Hi there

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I have become addicted to reading the posts here and in CS. I guess I have been a lurker although learner might be a better term. My husband and I live on thirty acres near the Ohio River in Illinois. We both have outside jobs but also tend to chickens, turkeys, goats, donkeys, rabbits, pigs, assorted cats, and a very cute miniature Schnauzer, named Zoey. We just built a new barn to house some of them and are considering opening some sort of petting farm to let kids experience firsthand the wonders of these animals. Does anyone have any expertise in this area? Does anyone else live in the S IL or W KY area? Thanks for all the info I've gleaned and hope to be able to share some of our good and not so good experiences.

-- Debbie (dc1253@hcis.net), July 22, 2001


Hello Debbie; I live on the other half of IL near the Wisconsin boarder---Zion. I don't live on any large piece of land but I do have about a .25 arce of land.Which is plenty of room to grow my garden and enjoy my two apple trees. My hubby and I bought the house 2 yrs ago,and the apple trees are a very big project for me because they were in bad shape when we moved in.

-- Lisa K (magpie@fsi.net), July 22, 2001.

Debbie, I don't live in your area, but I worked at a large petting zoo in Maine for 4 years. Before you decide to do something along those lines, consider a few things.

First of all, you will be inviting strangers into your home. They will have no respect for the hours you post as the times you are open and will come at all hours of the day and night. They will litter and will feed your animals nasty things. They will expect you to drop what you are doing and talk to them. They will expect the animals not to poop and God forbid if you mention butchering dates!!! Especially in front of their children! How could you possibly ever eat that cute little lamb? (Afterwards they will go to McDonalds for a hamburger.)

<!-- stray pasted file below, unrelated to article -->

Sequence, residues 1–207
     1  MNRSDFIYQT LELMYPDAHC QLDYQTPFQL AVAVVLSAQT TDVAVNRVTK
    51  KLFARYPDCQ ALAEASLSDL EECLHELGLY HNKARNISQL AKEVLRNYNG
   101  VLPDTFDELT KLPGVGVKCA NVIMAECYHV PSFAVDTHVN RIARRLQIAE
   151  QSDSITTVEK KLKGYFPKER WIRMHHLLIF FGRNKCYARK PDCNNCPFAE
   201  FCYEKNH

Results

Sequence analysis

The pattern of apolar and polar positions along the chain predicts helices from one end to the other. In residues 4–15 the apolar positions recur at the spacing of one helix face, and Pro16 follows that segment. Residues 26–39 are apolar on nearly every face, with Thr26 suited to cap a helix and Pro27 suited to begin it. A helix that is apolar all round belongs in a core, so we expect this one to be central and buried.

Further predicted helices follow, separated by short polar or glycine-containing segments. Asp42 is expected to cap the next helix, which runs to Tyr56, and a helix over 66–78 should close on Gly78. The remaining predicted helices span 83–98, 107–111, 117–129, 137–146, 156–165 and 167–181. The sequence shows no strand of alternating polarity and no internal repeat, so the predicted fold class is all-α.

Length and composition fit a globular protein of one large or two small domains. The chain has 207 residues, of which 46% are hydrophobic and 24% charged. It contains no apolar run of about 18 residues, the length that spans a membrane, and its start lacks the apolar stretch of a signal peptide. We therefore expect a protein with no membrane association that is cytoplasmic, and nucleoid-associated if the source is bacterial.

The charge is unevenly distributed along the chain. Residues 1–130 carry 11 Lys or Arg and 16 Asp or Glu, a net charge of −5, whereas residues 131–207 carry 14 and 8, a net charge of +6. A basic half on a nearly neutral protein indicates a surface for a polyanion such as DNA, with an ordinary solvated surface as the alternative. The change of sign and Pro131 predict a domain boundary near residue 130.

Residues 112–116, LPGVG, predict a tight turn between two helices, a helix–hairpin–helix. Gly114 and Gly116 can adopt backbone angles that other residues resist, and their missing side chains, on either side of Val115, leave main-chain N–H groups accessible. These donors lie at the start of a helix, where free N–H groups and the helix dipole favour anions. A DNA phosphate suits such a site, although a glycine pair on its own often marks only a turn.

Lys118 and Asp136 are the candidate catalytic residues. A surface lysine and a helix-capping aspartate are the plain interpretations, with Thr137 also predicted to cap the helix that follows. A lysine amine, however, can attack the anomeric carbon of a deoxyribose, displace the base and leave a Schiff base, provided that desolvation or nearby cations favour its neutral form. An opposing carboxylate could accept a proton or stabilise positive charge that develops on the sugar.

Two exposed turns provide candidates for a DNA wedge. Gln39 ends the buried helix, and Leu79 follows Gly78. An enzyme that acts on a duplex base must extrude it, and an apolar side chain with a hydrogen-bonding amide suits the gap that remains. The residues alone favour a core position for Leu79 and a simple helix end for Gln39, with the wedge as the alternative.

Second of all, you will be inviting strangers who have no idea how to handle animals onto your farm. Sometimes this is a wonderful teaching tool. Sometimes this is lawsuit fodder. While I was working at the petting farm we were sued a few times. One time I was giving a pony ride to a small child and the mother elected to walk along. The mother was not paying attention to the pony and the pony stepped on her foot. The mother fell backwards, pulling the child off the pony on top of her. The pony was pretty good about the whole thing, considering that she had the ground pulled out from under her abruptly. She stepped sideways quickly away from the woman. I was quite glad it was that pony...we had others that were not as good. The woman sued us. Oh, the woman did strain something in her back, but the child was all right. The farm settled. The press from a lawsuit can be worse than the suit, even if you win.

You will have to endure federal inspection. USDA inspects petting farms and zoos. They apply the same rules to petting farms and zoos that they do to lab animal facilities. Fencing was always a big problem for us. They wanted wire mesh of 2 inches or less on ALL fencing. Any horned animals had to have barrier fencing (double fences....one for the animals and one for the people). All animals needed to be tracked. You had to have the name, address, phone number, license plate number and drivers license number for every person you bought animals from or sold animals to. Records of all of these things had to be kept updated and available for inspection at all times. The farm I worked for was seasonal, but the inspector could and did come off-season and we were expected to have everything in order.